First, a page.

a) Commencing January 1, 2003, except as authorized by the department, no firearms dealer may deliver a handgun unless the recipient performs a safe handling demonstration with that handgun. (b) The safe handling demonstration shall commence with the handgun unloaded and locked with the firearm safety device with which it is required to be delivered, if applicable. While maintaining muzzle awareness, that is, the firearm is pointed in a safe direction, preferably down at the ground, and trigger discipline, that is, the trigger finger is outside of the trigger guard and along side of the handgun frame, at all times, the handgun recipient shall correctly and safely perform the following: (1) If the handgun is a semiautomatic pistol, the steps listed in Section 26853. (2) If the handgun is a double-action revolver, the steps listed in Section 26856. (3) If the handgun is a single-action revolver, the steps listed in Section 26859.
California requires that the dealer retain the handgun for 10 days - 10 24-hour periods - before delivery is allowed. The 10-day wait begins when the FFL submits the DROS information.
One handgun per month
With some exceptions listed in Penal Code 27535 (was 12072(a)(9)(B)), one may purchase only one handgun within any 30-day period. The 30-day period begins when the FFL submits the DROS information.
One of those exceptions is for California residents with a state Certificate of Eligibility and a Federal Curio and Relic (Collector's) FFL. Such purchases are NOT limited to C&R handguns - the law does not make that restriction.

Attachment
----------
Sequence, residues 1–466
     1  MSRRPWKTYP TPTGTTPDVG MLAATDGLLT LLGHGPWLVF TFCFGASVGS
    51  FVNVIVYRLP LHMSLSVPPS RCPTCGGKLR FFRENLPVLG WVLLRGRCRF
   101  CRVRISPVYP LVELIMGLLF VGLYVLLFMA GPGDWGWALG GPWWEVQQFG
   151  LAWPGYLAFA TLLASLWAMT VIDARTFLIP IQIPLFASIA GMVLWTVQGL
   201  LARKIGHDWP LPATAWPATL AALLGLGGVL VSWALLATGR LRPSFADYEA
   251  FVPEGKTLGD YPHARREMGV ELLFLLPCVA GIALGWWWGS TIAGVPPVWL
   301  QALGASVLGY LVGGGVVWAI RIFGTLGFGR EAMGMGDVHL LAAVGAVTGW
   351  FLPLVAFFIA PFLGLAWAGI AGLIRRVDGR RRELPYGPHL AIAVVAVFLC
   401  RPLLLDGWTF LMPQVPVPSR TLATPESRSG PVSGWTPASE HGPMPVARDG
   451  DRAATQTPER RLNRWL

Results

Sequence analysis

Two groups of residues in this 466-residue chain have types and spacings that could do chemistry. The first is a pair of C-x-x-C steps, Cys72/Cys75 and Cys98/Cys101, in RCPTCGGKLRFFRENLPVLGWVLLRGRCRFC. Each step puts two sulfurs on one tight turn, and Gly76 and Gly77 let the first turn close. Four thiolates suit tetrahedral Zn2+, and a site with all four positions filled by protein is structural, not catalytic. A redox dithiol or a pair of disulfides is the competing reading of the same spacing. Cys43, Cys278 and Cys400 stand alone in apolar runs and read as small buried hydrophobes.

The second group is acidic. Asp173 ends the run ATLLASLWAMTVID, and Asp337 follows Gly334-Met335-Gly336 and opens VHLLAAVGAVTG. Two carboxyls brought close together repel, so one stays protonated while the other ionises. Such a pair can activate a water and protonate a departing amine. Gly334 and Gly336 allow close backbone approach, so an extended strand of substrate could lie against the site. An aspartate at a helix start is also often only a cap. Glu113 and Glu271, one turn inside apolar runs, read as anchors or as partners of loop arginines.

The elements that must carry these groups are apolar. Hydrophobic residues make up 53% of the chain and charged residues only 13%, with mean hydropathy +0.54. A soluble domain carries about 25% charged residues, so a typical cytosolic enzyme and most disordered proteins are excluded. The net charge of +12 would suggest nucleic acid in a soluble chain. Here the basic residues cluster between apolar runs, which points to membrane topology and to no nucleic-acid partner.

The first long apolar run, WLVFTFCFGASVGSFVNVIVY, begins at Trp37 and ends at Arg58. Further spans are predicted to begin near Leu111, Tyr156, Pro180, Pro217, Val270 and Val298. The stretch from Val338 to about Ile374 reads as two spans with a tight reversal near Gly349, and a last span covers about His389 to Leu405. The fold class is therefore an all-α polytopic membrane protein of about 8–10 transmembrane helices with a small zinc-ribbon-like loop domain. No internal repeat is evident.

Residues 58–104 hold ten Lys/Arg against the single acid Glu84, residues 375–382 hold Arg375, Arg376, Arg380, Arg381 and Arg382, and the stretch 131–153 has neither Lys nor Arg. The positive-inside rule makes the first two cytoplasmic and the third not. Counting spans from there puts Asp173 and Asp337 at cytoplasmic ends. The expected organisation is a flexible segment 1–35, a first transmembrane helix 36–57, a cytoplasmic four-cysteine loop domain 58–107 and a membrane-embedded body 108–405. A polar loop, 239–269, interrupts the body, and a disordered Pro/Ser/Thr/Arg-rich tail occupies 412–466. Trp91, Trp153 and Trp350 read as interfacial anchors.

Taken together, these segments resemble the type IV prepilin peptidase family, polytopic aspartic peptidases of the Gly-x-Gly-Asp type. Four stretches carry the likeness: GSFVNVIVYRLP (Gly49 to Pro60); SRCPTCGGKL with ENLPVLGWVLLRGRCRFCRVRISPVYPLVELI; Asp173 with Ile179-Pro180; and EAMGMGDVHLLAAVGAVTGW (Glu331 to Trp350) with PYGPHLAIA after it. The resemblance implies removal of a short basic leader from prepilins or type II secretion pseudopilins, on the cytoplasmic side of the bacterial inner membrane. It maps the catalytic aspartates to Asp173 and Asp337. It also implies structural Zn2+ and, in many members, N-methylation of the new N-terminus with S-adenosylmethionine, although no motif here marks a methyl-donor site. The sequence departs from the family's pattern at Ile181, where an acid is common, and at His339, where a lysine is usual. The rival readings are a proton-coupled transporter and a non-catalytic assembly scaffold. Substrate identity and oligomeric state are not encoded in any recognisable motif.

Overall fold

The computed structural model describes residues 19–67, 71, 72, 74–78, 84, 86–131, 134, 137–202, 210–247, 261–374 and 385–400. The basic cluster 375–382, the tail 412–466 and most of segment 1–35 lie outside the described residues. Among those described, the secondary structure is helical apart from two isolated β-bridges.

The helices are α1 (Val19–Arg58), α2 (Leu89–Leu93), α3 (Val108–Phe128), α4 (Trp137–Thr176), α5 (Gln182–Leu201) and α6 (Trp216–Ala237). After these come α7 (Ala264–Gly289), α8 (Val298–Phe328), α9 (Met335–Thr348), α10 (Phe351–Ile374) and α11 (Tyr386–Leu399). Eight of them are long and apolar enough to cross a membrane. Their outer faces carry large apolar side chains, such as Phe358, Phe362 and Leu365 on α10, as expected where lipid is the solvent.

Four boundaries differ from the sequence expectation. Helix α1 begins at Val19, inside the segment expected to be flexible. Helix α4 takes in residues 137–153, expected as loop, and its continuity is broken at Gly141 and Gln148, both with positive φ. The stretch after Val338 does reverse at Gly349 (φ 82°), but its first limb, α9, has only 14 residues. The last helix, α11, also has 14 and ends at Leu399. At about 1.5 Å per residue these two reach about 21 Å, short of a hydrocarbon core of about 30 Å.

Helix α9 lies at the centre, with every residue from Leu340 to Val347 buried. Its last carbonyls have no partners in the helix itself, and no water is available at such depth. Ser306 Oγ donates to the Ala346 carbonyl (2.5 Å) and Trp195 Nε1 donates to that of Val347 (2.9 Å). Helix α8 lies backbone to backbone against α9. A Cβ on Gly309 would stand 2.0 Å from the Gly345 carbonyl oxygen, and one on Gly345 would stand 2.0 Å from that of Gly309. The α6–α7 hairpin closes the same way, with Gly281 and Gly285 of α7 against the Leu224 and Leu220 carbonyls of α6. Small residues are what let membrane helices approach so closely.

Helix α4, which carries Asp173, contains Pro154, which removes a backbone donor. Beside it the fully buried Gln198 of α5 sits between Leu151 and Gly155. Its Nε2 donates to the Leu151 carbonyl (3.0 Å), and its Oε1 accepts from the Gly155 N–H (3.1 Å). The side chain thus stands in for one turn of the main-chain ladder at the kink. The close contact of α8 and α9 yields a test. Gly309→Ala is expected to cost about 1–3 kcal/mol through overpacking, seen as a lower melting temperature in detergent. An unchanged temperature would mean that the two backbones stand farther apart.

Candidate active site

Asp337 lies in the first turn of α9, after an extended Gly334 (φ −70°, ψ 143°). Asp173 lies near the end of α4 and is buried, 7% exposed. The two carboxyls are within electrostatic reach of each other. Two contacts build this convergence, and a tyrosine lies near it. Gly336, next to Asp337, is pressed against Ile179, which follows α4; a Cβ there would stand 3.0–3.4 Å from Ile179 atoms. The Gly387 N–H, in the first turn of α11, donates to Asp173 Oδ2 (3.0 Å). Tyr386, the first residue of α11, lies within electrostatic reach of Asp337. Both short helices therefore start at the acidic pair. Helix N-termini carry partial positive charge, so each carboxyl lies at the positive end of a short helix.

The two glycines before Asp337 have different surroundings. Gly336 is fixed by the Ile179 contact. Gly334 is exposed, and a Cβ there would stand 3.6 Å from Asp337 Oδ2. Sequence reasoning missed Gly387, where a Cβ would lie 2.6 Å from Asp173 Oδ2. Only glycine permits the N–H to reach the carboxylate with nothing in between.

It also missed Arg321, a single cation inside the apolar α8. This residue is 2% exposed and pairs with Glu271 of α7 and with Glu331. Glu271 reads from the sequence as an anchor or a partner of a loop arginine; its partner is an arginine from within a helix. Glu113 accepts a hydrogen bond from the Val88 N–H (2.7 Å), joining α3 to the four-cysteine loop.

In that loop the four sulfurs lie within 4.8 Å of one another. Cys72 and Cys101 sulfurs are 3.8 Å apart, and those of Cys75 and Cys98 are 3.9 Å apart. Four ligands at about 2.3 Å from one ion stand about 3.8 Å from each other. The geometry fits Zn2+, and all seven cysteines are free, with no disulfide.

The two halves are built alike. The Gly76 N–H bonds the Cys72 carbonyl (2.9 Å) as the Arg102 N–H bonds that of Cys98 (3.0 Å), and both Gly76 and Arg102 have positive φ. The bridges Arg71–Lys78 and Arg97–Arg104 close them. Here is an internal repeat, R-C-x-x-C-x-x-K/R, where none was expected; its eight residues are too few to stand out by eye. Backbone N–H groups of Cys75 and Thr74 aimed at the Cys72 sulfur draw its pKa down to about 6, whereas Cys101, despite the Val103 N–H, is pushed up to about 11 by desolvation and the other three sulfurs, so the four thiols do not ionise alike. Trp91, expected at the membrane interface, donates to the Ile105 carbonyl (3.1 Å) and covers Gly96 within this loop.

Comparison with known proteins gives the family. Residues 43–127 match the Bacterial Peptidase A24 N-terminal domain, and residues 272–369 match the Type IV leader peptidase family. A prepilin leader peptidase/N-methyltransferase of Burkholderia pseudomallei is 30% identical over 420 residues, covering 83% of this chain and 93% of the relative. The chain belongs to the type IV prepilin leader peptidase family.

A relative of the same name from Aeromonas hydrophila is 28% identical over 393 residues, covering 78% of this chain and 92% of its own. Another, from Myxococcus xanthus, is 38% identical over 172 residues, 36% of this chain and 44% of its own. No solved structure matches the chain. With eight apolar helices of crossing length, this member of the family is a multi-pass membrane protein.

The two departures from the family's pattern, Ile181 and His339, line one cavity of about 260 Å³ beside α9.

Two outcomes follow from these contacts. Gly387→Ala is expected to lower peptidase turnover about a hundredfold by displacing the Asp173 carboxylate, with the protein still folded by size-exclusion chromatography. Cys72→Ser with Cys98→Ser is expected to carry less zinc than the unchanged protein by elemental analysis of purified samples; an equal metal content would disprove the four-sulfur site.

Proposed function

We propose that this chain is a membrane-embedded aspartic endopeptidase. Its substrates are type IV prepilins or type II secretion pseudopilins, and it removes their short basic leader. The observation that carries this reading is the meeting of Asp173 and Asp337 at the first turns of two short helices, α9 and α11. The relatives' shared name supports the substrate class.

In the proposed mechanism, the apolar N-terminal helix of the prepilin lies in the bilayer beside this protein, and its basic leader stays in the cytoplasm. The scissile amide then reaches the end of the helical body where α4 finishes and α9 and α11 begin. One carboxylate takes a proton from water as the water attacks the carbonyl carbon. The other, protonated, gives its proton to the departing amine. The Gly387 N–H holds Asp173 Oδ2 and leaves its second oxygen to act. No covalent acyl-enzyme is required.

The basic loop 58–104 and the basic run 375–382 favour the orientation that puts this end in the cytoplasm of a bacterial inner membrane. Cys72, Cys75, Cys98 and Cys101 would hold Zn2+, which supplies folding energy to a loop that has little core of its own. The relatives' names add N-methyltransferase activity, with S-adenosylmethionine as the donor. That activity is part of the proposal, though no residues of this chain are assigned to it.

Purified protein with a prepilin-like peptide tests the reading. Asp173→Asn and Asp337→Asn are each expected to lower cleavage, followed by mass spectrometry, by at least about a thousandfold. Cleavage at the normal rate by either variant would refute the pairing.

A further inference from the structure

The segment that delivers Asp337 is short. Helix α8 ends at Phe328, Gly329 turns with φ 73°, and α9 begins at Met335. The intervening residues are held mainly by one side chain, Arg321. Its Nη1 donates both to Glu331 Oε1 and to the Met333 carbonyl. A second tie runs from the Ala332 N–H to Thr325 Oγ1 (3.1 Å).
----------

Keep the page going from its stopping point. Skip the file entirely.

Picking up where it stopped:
(a) No person shall make an application to purchase more than one handgun within any 30-day period. (b) Subdivision (a) shall not apply to any of the following: ... (9) Any person who is licensed as a collector pursuant to Chapter 44 (commencing with Section 921) of Title 18 of the United States Code and the regulations issued pursuant thereto, and has a current certificate of eligibility issued by the Department of Justice pursuant to Article 1 (commencing with Section 26700) of Chapter 2.
(Certificate of Eligibility is PC 26710)
(a) A person may request a certificate of eligibility from the Department of Justice. (b) The Department of Justice shall examine its records and records available to the department in the National Instant Criminal Background Check System in order to determine if the applicant is prohibited by state or federal law from possessing, receiving, owning, or purchasing a firearm. (c) The department shall issue a certificate to an applicant if the department's records indicate that the applicant is not a person who is prohibited by state or federal law from possessing firearms. (d) The department shall adopt regulations to administer the certificate of eligibility program and shall recover the full costs of administering the program by imposing fees assessed to applicants who apply for those certificates.
See link. Plan to buy a handgun which comes with a California-approved lock, or to buy a separate lock.
Buying rifles and shotguns from a California FFL
For Semiautomatic Rifles, see that topic on the Main Page.
Buying rifles and shotguns is far less complicated than buying handguns.
Standard dealer requirements
The buyer will need to complete the Federal 4473 and the California DROS, and will pay a fee.
There will be a waiting period, unless the buyer is exempt.
The buyer will need a firearms safety device, either a lock or a safe affidavit or some other acceptable solution.
Differences from handgun purchases
Buyers may be 18 or older.